Lab 9 Hydra 1980

Single car unit No: RDB 975385 (formerly a Cravens parcels car No:M55997) was converted as a test bed for hydrostatic drive in 1980 and was known as 'Laboratory 9  Hydra'.

 Although the design philosophy of a rail vehicle fitted with hydrostatic transmission Hydra had already been recognised, the mechanical design considerations in producing an improved design of transmission for increased mechanical reliability coupled with the inclusion of a hydrostatic braking facility. These modifications have been incorporated in a re-built transmission, two of which have been fitted to the test vehicle “HYDRA” to create a totally hydrostatically driven vehicle.

The modifications also include fitting more powerful prime movers to provide a more rigorous test of the transmission, auxiliary circuits to power friction brakes and cooling fans, a hydraulically operated friction brake, a microprocessor controller for the engine/transmission/brake package and a computer controlled data acquisition system.
The hydrostatic transmission has undergone an extensive development and endurance running program of up to 42,500km. Very few mechanical problems were experienced, these being mainly due to defects in bought-in components. The pressurised reservoir was however underspecified due
to the presence of a pressure peak not previously detected, so a suitable replacement was designed. Endurance running revealed a weakness in the motor design resulting in increased internal leakage. The problems arose too late to allow a major investigation of the cause, but high standards had been maintained to avoid oil contamination and it is thought the cause could be the unusual conditions of use.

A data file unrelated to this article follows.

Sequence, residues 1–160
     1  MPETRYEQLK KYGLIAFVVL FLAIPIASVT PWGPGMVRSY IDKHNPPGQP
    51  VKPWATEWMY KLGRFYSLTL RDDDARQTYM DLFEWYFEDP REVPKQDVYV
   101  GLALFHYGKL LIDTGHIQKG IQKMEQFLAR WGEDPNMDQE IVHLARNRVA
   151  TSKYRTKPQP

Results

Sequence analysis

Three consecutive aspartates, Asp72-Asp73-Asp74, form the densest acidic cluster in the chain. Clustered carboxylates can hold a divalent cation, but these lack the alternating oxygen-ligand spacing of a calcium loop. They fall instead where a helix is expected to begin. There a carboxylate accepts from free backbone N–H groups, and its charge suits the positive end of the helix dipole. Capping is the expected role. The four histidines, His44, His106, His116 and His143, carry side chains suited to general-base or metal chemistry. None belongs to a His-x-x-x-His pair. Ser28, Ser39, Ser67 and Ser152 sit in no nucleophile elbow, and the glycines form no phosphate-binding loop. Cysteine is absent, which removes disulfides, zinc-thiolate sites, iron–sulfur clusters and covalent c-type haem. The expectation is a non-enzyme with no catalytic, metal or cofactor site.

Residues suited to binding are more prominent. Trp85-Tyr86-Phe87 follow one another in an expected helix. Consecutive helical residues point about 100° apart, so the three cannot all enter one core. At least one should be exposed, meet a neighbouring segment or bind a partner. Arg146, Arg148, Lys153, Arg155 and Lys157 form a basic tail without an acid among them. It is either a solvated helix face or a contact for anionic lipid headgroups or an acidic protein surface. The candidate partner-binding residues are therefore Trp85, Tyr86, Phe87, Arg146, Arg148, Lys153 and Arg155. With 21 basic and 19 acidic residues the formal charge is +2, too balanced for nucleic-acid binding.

It was fitted with hydrostatic transmission having the normal Leyland 680 six cylinder engine driving two Rexroth Hydromatic axial piston pumps. Each pump supplied fluid to a Volvo fixed displacement compact axle-end motor which drove the axle directly. The maximum system pressure was in the order of 400 bar.

This arrangement was only fitted to one bogie, initially the other one retaining its normal drive but with the cardan shaft disconnected but as described above it was later modified

 The unit was finally scrapped by Vic Berry at Leicester.

Hydra article

Part two

The article explained the background and operation of the hydrostatic drive system

Author's collection


In the yard

A better version of the article's photo of Hydra in the RTC Yard

Author's collection

In the yard at RTC

Hydra sits in the sidings outside the Advanced Projects Lab in the early 1980's


Hydra at Mickleover

And here it is at the Mickleover test track 

Colin Marsden

Hydra at Etwall

A nice colour picture - this is at Etwall station on the Mickleover line in August 1984

Tony Woof

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